Method 2: factor scaling
Factor scaling is designed to eliminate issues associated with errors in the magnitude of the query spectrum as well as accounting for magnitude differences resulting from, for instance, structural flexibility or the presence of intrinsically disordered regions. Since magnitude errors can arise from several common sources (such as protein concentration determinations, sample cell pathlength or the value of the mean residue weight used to convert CD spectra into delta epsilon values), this can produce large (but invalid) variations between spectra (6,7). The factor scaling method obviates these differences in a manner parallel to that used to determine the magnitude dependence of CD secondary structure analyses (8). The factor scaling method systematically scales the query CD spectrum, multiplying it by a factor between +3.0 and −3.0 in increments of 0.01. The ‘best fits’ produced are those with the lowest NRMSD results and with scale factors closest to 1.0. The rescaling process retains the overall shape of the input spectrum while altering all the peak magnitudes by a single value, thus retaining the largest amount of information content in the spectra: the peak positions and relative peak magnitudes.
Method 3: rotational strength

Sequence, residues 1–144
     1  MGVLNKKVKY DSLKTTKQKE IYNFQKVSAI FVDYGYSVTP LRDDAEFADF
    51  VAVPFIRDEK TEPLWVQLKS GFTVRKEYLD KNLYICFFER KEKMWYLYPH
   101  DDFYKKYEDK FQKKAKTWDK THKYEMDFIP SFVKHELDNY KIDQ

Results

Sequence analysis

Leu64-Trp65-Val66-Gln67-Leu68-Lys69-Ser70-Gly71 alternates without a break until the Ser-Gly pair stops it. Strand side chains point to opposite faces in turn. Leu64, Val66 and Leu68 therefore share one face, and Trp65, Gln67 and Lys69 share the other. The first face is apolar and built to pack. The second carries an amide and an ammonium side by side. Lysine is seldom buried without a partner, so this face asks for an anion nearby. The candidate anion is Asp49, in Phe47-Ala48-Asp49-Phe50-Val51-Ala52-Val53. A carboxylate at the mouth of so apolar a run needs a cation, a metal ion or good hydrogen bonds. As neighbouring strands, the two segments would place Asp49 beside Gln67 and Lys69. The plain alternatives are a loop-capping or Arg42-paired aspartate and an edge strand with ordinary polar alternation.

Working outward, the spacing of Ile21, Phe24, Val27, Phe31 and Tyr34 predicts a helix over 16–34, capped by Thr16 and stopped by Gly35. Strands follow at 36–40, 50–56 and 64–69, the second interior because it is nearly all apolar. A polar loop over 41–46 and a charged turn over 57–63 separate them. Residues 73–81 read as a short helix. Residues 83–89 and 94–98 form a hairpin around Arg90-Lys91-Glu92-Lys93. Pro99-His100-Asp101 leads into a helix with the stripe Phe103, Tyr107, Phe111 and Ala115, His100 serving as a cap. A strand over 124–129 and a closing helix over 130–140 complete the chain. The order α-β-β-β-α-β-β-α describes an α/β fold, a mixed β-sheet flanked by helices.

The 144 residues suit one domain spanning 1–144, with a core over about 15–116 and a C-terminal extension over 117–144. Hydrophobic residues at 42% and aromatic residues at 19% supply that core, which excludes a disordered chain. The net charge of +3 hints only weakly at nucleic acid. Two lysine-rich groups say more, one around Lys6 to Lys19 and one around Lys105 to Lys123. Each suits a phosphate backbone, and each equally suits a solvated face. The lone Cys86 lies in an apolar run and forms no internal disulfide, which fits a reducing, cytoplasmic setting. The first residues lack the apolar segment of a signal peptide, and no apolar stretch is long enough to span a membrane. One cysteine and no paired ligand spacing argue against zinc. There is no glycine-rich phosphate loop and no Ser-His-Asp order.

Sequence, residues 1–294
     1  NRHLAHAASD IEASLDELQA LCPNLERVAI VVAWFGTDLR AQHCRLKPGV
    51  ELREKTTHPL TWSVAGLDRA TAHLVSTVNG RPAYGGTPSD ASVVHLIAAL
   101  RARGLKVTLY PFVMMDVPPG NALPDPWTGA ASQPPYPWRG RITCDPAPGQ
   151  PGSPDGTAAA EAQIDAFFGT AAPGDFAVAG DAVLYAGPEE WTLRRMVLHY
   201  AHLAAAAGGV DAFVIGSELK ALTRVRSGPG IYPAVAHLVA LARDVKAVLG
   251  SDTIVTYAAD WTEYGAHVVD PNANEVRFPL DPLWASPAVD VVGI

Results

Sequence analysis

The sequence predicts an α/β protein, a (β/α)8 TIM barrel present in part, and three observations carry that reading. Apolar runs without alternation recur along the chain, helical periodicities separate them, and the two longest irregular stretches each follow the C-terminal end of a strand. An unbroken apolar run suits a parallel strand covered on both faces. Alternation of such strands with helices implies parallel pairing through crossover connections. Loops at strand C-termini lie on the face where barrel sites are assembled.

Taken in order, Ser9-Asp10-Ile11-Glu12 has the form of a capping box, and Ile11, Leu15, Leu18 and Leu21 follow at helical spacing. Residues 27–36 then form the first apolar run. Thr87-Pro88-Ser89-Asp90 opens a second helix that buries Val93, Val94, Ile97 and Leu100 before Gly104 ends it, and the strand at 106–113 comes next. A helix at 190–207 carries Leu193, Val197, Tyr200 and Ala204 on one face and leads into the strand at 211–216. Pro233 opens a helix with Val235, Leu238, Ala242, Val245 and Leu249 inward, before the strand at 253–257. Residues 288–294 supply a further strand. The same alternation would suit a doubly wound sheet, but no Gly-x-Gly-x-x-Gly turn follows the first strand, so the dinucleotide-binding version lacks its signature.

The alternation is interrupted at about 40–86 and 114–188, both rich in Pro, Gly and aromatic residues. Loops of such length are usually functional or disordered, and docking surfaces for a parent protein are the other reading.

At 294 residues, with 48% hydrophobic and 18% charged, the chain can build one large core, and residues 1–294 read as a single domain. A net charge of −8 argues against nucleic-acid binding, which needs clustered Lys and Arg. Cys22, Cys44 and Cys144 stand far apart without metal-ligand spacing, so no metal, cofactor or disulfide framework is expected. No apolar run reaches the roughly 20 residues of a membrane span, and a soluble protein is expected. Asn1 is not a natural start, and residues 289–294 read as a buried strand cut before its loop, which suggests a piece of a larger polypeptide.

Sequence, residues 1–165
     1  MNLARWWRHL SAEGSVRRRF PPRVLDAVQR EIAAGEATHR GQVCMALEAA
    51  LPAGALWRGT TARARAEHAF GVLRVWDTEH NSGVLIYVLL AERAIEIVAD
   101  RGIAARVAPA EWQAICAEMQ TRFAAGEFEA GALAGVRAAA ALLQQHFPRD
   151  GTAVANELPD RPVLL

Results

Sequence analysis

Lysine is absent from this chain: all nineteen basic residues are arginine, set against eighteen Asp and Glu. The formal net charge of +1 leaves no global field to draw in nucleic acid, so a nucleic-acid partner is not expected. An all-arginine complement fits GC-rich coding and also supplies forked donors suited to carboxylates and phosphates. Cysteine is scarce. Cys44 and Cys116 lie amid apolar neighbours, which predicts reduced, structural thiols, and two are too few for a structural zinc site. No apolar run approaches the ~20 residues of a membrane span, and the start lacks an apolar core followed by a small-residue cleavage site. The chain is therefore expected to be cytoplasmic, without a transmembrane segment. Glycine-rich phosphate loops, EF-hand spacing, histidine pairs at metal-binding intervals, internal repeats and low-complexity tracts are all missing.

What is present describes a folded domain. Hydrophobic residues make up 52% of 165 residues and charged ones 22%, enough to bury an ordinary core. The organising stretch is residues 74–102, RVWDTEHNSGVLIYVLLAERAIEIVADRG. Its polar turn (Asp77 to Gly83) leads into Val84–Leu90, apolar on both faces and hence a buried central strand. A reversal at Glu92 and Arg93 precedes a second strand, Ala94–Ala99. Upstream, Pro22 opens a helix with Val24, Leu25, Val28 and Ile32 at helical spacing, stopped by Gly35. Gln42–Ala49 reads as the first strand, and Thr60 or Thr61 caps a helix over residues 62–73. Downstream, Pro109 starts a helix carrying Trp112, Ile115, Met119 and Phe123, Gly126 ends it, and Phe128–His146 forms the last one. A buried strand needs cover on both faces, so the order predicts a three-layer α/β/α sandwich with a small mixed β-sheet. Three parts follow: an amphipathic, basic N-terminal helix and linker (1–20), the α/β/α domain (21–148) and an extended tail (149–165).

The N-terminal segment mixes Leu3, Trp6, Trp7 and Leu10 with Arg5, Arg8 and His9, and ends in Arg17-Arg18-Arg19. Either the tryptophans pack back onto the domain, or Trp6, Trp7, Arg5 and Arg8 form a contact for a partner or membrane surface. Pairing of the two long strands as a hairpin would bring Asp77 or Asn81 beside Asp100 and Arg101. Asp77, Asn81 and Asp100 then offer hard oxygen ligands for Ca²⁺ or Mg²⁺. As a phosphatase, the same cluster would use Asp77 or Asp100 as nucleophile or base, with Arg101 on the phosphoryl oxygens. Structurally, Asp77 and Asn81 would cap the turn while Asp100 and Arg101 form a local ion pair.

This method uses the fact that the area under the curve of a CD spectrum is proportional to the rotational strength of the chromophores which generated the spectrum. It assumes that two proteins of similar secondary structure will have similar overall rotational strengths (i.e. the area under the spectrum of a mostly helical protein is greater than that for a mostly sheet protein). This method therefore puts the greatest emphasis on the magnitudes and less so on the shapes. It most effectively discriminates between proteins of different classes, i.e. those composed predominantly of alpha helices or β-sheets or even irregularly structured proteins. It is good at corroborating results from other methods. Again, the closest three matches are generated as output.
Method 4: normalized comparison
This method was developed primarily to obviate issues arising from incorrect positioning of the zero value of the Y-axis which can arise from mismatching baselines, but the method could also be of value when there is a significant signal at the high wavelength end of the spectrum (for instance, due to strong aromatic amino acid signals). By scaling both query and reference to minimum and maximum magnitude values between 0 and 1, this method retains the relative peak positions and magnitudes and hence the spectral shape but not where the spectra cross the Y-axis.
Method 5: ratio comparison